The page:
As an aside, I must argue for the use of great religious art for small children. I fully admit it seems pretentious at first, but our experience is that it holds our children's interest by acting as a puzzle for them. They enjoy the challenge of figuring out the story the painting is depicting and then trying to find the different aspects of the story the painter has put in the picture. When Clare is restless at Mass, she asks for the "pictures" from the Vatican II Hymnal and tries to figure out who everybody is in the picture.
On New Year's Eve, while my parents were in town, we headed to the National Gallery. Meg, my aspiring artist, dressed for the event in her long bohemian skirt and the Downton Abbey-style cloche hat she received for Christmas. She looked every bit the artist as she and Clare wondered about the religious art galleries, large Advent calendar in hand, looking for matches. They surprised us by how well they knew the paintings. They found nearly half the pictures with relative ease. Clare decided her favorite painting was Jacopo Tintoretto's The Madonna of the Stars (I think it was all the gold in the painting). Meg informs me her favorite painting was Gentile da Fabriano's Madonna and Child, because she likes Jesus depicted as a prince (yes, she's really in the prince and princess stage right now). Baby Anne's favorite display was the moving ceiling lights between the East and West building--a favorite among one-month olds.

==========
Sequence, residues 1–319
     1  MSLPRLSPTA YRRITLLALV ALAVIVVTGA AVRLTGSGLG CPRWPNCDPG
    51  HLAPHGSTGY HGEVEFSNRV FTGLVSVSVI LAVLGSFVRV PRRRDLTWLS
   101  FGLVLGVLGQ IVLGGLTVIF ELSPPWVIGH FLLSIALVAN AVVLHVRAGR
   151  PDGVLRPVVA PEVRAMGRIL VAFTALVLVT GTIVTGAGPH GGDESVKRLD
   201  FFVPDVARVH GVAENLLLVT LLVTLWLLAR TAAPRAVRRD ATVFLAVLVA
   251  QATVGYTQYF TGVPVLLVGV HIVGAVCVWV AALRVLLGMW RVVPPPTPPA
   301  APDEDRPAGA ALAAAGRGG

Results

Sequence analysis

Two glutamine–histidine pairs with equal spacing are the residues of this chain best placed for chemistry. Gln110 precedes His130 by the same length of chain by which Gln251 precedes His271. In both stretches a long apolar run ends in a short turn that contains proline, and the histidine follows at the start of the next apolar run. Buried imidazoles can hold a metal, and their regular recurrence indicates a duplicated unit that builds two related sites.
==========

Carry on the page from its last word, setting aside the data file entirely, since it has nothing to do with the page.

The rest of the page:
It was a successful trip. When I take the girls to an art museum, we go with a limited plan. We go to look at ballerina paintings or Mary Cassatt paintings with which the girls are familiar. If we get beyond our limited plan, that is bonus. If we only stay 15 minutes, that's okay. The Advent calendar scavenger hunt kept the girls interested in the paintings for an extended period of time and I'm grateful to my mom for the great idea.